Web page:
A tongue extended as if reaching for a leaf allowed the Dallas Zoo giraffe sculpture to edge out another statue by six inches to claim title as Texas’ tallest. Although such a calculated effort to earn the title may reinforce the “bigger is better” stereotype often attributed to Texans, long-time Texas resident and VMC Engagement Manager Ken Tebbetts told us why bigger isn’t always better in contact center operations.
“After twenty-some years in the industry, I’ve worked in companies ranging from start-ups to contact centers with 1,000 seats. As I began evaluating the career opportunities that brought me to VMC, I realized that many factors important in considering a new employer were also important to a company considering an outsourced contact center partner. Size was one of those.
What intrigued me about VMC was their more intimate size, which meant an opportunity to focus on niche opportunities, to be part of an organization that embraced the principle of ‘quality over quantity.’ It’s an environment where people are really passionate about coming up with effective custom solutions instead of the cookie cutter or paint-by-number approaches more typical of the giant, volume-oriented contact centers.
I’m not saying a big operation can’t do a good job at offering some custom solutions; but once you reach a critical mass in terms of business size and contact center capacity, bigger isn’t necessarily better. A company does need to have the financial strength to run a sound operation with quality infrastructure and tools. Once they’ve achieved that, though, sometimes becoming too large can detract from the level of attention or quality of work their clients receive.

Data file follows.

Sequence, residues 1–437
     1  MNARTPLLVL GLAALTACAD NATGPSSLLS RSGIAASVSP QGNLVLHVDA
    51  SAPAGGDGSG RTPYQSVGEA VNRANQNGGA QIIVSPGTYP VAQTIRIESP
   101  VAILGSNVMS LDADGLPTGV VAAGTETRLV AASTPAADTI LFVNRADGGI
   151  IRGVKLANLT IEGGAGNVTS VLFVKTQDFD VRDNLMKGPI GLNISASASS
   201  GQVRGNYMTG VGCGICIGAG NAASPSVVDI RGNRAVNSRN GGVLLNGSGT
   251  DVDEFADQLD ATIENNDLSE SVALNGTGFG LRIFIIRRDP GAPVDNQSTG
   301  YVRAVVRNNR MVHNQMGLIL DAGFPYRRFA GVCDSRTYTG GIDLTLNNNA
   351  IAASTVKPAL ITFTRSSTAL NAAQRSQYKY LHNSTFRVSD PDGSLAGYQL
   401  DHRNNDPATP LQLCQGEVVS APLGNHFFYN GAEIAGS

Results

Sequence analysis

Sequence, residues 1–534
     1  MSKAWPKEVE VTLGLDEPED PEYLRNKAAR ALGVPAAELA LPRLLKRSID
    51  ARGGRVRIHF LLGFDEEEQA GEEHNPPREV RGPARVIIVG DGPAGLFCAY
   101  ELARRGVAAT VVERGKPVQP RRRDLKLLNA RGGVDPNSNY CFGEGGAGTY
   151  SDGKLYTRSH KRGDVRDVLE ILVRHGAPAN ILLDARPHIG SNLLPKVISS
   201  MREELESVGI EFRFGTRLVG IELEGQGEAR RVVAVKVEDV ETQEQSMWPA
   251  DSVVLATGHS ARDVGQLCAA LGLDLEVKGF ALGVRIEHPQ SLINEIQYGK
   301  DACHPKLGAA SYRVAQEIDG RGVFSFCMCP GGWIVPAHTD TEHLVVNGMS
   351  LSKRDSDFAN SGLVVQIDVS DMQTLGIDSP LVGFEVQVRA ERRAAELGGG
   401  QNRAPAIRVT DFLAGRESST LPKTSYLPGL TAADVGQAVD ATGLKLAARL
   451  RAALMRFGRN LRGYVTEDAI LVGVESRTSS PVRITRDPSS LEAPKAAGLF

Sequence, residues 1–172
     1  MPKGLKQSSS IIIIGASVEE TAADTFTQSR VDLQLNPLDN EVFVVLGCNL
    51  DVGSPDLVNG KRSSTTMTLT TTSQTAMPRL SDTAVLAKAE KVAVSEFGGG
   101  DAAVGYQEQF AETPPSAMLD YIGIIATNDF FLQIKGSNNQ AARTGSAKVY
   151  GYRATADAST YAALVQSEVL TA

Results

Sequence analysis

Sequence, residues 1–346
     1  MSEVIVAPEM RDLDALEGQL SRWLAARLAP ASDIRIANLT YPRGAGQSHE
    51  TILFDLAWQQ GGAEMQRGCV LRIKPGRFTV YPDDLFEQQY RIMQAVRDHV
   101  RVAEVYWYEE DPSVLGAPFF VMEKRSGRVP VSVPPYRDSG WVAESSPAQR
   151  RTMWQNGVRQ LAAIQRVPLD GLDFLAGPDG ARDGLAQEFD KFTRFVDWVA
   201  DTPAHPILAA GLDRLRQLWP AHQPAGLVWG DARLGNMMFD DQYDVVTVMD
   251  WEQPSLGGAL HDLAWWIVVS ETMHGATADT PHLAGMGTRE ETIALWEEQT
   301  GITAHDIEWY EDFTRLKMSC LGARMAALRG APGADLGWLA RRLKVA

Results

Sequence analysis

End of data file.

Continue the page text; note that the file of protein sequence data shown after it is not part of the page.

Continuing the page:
For example, when a contact center focuses on being a low-cost/high volume provider, that decision influences other strategic and operational dynamics in the company. In the large, volume-based operations, it can show up in a business model and culture built around high agent turnover. I know of one large center that experiences 100% agent turnover every six months. If you walked into their facility in January and went back in July, you wouldn’t see a single familiar agent face. For clients, this means the people responsible for their customers’ experiences never have more than six months of knowledge or experience in addressing and resolving caller needs. That affects CSAT scores and first call resolution rates, which are key drivers for brand reputation and customer loyalty.
Of course, CSAT or customer loyalty isn’t always a client’s primary concern when evaluating potential providers or benchmarking success for their customer care or service desk support. The right solution has to accommodate a number of constraints and priorities.
Even so, it can be easy to get caught up in the idea of ‘bigger is better,’ which, as a Texas resident, I sure do understand. But, whether you’re considering a contact center operation as employer or outsourcing partner, it’s really better to look at whether that company is ‘right sized.’ That is, it isn’t just a question of raw numbers; it’s how size might either influence or reflect their strategic or operational focus – and if or how that focus meshes with your goals and needs from a larger perspective.”
Bigger may not be better…unless it means focusing on the bigger picture to make better business decisions. How ‘right sized’ are your contact center operations for achieving your top customer care or service desk priorities?